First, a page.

As we enter a second lockdown across England and the other parts of the U.K. go through their own local restrictions. It has never been more important to have the right working set up in your home office. Long gone is the “it’s only short term” justification. Working from home is here for the long term and with this latest wave of guidelines we look at what equipment you need to make home working successful.
A Decent Sized Monitor
Working on a laptop screen is fine for a few hours, now and again however if you are working for 8 hours a day for the next 4 weeks and possibly beyond on a 13 to 15″ screen you are going to be straining your eyes, potentially hurting your neck as you try to get into the right position to see the screen. The first stage of getting a Display Screen Equipment (DSE) safe working space is having a good size monitor, I find that a screen between 23″ to 27″ is ideal for working day to day, with bigger screens great if you have the space to accommodate it. Try to position your screen at eye level to you’re not looking up or down at it which will strain your next and upper back.
External Keyboard and Mouse
Laptops are an ergonomics nightmare where your hands are stretching over a trackpad onto a smaller keyboard. To reduce the strain on your hands the best option is to get an external keyboard, one that is either Bluetooth or uses a multi adapter like the range from Logitech which allows keyboards and Mice and other accessories to only need a single USB adapter. The keyboard and mouse you get should suit your working needs, if that’s a large marble mouse, an ergonomic mouse or a split keyboard it should reduce the effort you have to go through to use your device all day everyday.
A Wireless Headset
We are all so use to Microsoft Teams and Zoom now, however the number of calls I join where people are rocking the iPhone headset or even worse a wired set of cheap headphones they got for the gym, the sound is awful and it makes the disconnect of video conferencing worse. What I recommend from personnel experience is you look to get a decent wireless headset designed for video conferencing it will not only make your life easier, to prevents you leaning into the screen because the headphone lead is to short. These devices don’t have to be expensive but nearly all come with active noise cancelling in both the microphone and headphones, which will elevate your conferencing experience.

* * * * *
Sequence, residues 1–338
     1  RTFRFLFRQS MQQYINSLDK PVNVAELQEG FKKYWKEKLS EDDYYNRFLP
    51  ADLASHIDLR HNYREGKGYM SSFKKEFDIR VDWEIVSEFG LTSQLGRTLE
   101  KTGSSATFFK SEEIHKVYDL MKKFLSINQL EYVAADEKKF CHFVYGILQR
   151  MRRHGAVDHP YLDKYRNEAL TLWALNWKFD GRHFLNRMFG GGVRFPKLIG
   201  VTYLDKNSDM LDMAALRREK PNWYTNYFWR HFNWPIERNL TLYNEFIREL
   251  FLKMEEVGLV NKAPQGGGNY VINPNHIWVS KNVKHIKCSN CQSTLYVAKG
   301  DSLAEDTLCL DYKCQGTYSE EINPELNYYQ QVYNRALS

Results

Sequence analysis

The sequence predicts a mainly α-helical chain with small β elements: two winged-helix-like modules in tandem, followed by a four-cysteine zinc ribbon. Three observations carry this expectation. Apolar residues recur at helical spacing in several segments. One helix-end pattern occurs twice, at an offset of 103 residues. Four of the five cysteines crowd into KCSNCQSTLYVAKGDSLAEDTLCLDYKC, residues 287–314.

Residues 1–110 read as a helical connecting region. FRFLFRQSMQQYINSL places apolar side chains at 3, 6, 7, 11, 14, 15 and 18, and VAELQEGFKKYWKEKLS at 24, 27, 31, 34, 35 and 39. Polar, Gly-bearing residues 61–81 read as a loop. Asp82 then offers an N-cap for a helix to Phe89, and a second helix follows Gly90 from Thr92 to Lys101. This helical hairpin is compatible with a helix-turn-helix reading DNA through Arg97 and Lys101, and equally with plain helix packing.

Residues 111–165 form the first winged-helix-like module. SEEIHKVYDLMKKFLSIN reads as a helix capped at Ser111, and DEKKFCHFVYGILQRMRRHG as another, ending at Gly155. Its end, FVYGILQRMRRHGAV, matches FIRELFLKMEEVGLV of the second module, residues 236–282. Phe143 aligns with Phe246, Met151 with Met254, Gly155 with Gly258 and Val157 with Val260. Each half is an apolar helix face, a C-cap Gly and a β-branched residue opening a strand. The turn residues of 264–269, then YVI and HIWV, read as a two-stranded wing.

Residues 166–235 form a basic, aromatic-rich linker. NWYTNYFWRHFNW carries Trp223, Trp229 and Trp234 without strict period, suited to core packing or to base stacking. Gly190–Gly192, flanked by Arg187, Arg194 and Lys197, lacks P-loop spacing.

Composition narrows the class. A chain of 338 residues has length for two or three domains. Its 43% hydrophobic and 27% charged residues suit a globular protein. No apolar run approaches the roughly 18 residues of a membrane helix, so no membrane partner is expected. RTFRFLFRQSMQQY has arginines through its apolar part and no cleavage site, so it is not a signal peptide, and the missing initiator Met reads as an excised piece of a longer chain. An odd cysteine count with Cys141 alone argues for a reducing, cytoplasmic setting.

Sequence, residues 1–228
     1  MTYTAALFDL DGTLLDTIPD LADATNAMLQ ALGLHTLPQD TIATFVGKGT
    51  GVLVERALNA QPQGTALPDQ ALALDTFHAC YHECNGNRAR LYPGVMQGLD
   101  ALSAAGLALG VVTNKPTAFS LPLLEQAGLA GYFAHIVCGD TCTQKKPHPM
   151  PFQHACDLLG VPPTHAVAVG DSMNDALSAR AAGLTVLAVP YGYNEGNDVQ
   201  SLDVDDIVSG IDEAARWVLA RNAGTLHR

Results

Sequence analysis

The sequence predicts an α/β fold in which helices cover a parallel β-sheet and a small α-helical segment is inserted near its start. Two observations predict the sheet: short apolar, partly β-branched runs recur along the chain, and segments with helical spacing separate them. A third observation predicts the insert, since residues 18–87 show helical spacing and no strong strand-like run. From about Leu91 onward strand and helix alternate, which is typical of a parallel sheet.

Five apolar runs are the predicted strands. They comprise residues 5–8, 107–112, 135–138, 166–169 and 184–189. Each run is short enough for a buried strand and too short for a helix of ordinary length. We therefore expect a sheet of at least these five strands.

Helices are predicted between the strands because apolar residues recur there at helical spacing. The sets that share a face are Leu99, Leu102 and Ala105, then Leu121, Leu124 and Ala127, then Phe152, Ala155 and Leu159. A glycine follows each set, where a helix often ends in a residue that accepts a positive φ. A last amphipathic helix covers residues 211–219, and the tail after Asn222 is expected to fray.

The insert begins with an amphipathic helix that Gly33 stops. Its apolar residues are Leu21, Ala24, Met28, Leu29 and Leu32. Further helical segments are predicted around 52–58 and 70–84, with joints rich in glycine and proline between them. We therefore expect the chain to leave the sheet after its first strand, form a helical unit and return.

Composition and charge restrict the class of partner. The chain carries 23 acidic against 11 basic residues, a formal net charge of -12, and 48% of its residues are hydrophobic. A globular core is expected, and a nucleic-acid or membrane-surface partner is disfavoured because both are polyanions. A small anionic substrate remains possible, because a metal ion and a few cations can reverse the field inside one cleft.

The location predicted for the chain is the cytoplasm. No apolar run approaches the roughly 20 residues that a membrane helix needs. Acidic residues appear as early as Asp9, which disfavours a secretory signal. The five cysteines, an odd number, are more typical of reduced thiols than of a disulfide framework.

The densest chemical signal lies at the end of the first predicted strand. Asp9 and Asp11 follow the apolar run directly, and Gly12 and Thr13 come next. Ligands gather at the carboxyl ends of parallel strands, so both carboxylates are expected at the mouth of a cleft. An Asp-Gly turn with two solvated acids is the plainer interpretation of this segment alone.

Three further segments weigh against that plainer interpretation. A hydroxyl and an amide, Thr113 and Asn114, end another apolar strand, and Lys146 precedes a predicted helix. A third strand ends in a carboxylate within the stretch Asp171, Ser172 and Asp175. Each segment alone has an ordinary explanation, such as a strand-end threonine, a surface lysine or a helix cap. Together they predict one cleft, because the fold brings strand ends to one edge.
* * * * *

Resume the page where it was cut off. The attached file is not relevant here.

A good webcam
To pair with your headset an external web camera is always better that the small sensor on the laptops built in camera (if you have one), this allows you to position it above your monitor so that everyone is looking at your face and not up your nose. I have noticed a massive difference between using my web cam vs using my laptops built in device, I feel more relaxed on calls and it allows my posture to remain good throughout.
So we are talking about plugging in a monitor, keyboard, headset and doing this in a easy way, well the easiest way to achieve this is by placing all your connections into an easy to attach dock. There are many of these devices from click and lock devices, to USB C and generic 3rd Party port replicators. Find a device that works with your laptop and has the inputs you need to support your monitor and other accessories, this will make it much easier to connect your device should you need to move it that much quicker.
A decent chair
Regardless of if you are working from the dinning room table or a dedicated desk, a key part of setting up a home working environment is the chair, get something that is supportive , adjustable and comfortable. Don’t use your dinning room chair or a breakfast bar stool. These are bad for your posture and could end up making your 8 hours feel like 80.
We are in unprecedented times and you may never have considered home working before this year, however the team at Planet IT are here to help. Get in contact today via contact details below if you need advice and guidance on how to make your home working the best it can be;